Your dog's enlarged, or dilated, pupils could result from a variety of causes. Though it's possible that you may have no cause for alarm, pupil dilation can be a sign of some serious eye diseases, so get your dog to the vet as soon as you notice the problem. A "wait and see" approach could cost your dog his vision. Though it could turn out to be a minor issue, it's always better to be safe than sorry when your best friend's eyes are at stake.
Normally, the pupil's size is determined by the amount of light entering the eye. In bright light, the pupils are small, or constricted. In dim light, the pupils enlarge. If one or both of your dog's pupils are dilated in bright light, something isn't right. In a condition called anisocoria, the pupil in one eye is larger than the other. Without a veterinary examination, it's hard to tell which pupil is normal and which is abnormal.
Glaucoma results from too much pressure within the eye. This ocular disease progresses rapidly, so even with prompt treatment your dog could lose his sight. Symptoms include a dilated pupil that doesn't respond to light. Other signs of glaucoma include cloudiness, redness and swelling, tearing and obvious pain in the eye. Depending on the diagnosis, your vet can prescribe medication -- both oral and topical -- for your dog, or perform surgery. Neither treatment necessarily saves vision but can ease pain.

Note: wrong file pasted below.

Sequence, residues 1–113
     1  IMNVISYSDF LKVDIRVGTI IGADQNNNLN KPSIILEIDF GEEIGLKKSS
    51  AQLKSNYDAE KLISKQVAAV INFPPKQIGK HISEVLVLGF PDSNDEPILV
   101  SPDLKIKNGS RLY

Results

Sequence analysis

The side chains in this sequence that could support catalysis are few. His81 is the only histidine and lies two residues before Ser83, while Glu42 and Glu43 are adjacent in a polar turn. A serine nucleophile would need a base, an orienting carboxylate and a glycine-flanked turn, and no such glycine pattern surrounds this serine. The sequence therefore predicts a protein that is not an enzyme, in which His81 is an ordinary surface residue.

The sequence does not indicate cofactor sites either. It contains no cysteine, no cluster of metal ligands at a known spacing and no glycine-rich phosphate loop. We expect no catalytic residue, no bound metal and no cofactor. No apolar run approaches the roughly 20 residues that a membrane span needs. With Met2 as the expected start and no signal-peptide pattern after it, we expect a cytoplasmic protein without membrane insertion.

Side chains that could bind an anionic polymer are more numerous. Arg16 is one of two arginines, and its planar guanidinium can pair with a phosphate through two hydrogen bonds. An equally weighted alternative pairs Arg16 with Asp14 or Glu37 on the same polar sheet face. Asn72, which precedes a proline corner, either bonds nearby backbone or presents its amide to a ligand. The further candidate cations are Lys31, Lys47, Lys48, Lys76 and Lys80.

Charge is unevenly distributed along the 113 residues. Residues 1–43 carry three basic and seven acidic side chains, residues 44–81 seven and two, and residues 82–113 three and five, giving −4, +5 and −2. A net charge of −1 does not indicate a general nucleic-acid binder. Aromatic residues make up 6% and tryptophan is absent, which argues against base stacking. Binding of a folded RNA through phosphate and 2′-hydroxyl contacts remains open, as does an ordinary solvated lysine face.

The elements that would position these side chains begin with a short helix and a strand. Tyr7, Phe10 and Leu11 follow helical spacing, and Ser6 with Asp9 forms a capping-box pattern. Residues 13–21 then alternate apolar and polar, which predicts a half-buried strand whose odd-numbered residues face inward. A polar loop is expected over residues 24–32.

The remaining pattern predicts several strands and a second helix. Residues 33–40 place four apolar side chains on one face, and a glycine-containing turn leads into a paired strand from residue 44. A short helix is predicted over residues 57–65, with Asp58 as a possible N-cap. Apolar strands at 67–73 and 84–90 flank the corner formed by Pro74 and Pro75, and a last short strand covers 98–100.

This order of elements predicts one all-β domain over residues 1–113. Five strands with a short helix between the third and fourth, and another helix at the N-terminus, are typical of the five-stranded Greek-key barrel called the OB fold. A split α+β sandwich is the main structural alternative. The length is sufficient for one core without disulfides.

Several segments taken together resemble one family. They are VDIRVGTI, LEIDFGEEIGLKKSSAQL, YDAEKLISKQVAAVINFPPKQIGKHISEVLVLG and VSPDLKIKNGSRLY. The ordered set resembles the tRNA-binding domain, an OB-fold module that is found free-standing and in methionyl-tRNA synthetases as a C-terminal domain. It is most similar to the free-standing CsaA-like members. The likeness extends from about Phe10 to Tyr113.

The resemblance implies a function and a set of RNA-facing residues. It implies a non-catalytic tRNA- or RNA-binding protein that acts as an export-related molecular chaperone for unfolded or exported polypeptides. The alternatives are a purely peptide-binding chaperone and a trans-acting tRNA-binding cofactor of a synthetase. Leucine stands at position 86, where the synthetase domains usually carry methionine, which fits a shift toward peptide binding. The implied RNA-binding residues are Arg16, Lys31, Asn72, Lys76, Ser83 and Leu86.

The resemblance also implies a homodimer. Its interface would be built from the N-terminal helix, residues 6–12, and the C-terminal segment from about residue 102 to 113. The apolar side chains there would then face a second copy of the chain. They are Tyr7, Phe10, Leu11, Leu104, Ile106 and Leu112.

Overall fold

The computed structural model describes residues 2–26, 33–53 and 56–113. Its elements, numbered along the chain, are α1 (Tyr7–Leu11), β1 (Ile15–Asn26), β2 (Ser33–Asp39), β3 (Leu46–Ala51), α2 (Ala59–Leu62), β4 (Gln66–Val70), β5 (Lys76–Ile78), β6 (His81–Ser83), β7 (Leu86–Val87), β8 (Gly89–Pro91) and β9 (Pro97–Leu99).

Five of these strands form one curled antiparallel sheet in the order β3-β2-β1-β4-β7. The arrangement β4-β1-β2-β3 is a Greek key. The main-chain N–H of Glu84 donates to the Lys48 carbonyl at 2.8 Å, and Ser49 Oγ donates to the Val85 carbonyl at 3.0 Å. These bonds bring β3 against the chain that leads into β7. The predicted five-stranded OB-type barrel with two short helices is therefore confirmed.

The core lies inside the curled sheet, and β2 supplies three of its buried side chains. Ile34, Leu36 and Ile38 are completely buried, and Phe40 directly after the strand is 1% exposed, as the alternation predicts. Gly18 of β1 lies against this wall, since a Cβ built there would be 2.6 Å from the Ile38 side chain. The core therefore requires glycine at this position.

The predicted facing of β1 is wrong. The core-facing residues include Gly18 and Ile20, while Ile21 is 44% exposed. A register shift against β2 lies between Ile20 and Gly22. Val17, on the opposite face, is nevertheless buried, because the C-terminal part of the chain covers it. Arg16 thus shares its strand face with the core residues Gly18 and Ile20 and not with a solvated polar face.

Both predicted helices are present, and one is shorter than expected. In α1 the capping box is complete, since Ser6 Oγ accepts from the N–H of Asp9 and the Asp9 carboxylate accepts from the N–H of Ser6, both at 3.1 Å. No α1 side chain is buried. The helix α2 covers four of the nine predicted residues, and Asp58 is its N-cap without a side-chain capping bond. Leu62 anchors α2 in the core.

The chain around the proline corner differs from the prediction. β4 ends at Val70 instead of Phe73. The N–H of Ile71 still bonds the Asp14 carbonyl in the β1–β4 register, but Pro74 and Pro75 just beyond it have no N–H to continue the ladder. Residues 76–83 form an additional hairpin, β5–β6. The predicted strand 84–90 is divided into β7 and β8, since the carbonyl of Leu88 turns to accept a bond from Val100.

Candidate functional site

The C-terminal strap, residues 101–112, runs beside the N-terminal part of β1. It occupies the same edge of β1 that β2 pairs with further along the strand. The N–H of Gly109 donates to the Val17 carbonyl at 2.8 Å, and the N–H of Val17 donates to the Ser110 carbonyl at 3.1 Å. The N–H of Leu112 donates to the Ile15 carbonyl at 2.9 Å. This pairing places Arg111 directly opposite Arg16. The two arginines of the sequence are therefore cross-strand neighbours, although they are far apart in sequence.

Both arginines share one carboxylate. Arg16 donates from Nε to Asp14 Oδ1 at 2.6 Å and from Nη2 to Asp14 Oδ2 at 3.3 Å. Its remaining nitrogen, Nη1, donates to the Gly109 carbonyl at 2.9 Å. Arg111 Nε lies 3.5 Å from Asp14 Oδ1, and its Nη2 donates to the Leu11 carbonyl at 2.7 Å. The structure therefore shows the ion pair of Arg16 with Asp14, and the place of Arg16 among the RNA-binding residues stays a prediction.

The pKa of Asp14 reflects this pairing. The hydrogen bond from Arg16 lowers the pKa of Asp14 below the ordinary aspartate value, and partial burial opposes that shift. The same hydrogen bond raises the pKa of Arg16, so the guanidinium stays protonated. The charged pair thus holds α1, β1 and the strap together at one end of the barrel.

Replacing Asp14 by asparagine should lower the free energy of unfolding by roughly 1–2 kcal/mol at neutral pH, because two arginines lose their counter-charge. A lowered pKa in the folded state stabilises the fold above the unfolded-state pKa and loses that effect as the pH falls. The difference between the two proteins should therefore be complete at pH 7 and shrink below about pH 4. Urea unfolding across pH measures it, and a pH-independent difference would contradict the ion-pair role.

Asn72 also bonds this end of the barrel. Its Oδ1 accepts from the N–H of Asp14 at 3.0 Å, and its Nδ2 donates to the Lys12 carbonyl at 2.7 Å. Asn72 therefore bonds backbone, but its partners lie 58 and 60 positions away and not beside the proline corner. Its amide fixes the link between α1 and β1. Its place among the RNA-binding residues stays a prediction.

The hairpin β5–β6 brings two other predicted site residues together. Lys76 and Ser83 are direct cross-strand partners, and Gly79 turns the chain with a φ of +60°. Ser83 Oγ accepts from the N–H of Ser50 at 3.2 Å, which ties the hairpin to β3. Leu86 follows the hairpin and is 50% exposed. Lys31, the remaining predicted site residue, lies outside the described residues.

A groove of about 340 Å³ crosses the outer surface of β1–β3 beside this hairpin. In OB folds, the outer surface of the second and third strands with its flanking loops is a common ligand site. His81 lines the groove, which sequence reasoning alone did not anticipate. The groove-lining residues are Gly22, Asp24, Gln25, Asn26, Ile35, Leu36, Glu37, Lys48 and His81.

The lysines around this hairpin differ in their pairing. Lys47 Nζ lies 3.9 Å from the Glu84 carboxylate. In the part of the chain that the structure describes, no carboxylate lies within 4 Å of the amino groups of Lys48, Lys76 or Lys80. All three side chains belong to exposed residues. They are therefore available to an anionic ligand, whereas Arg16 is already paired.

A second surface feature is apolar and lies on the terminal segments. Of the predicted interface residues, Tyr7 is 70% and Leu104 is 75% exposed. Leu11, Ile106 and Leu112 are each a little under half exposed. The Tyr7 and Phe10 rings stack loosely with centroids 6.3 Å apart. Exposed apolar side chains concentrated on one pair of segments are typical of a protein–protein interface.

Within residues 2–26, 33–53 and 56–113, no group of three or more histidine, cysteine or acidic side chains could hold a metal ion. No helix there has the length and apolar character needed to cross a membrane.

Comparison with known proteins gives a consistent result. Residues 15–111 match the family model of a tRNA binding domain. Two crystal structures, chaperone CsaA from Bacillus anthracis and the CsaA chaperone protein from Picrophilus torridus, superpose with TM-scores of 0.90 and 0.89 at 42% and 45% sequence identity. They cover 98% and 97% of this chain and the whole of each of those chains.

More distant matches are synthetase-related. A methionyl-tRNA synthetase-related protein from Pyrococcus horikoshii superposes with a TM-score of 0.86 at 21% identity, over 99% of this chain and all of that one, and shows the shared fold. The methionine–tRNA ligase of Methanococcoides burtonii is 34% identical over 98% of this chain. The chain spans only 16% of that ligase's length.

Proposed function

Progressive Retinal Atrophy
Progressive retinal atrophy eventually causes total blindness. Because it occurs gradually, you might not notice the early symptoms. Night vision usually goes first, so your dog might be reluctant to go outside in the dark, or he bumps into objects in dark rooms. Since it affects both eyes, you might notice your dog's pupils dilating as they try to bring in more light. According to VeterinaryPartner.com, an abnormal shine known as "tapetal reflection" might be seen in the dilated pupils. If it's any consolation, PRA isn't painful, and blind dogs usually learn to adjust quite well, with their owner's help.
Other conditions that might cause pupil dilation include cancer, trauma, reaction to medication or the consumption of toxic substances. Anxious, fearful dogs often exhibit dilated pupils. Don't make any assumptions regarding the cause of your dog's enlarged pupils or give him any medication without veterinary approval.
By Jane Meggitt
PetMD: Eye Problems in Dogs ... Don't Be Fooled
Veterinary Partner: Progressive Retinal Atrophy
Merrick Veterinary Group: April 2009 -- Common Eye Problems in Dogs and Cats -- Part 1 of 2
VCA Animal Hospitals: Anisocoria in Dogs
VPI Pet Insurance: The Secret Language of Dogs
About the Author
Jane Meggitt has been a writer for more than 20 years. In addition to reporting for a major newspaper chain, she has been published in "Horse News," "Suburban Classic," "Hoof Beats," "Equine Journal" and other publications. She has a Bachelor of Arts in English from New York University and an Associate of Arts from the American Academy of Dramatics Arts, New York City.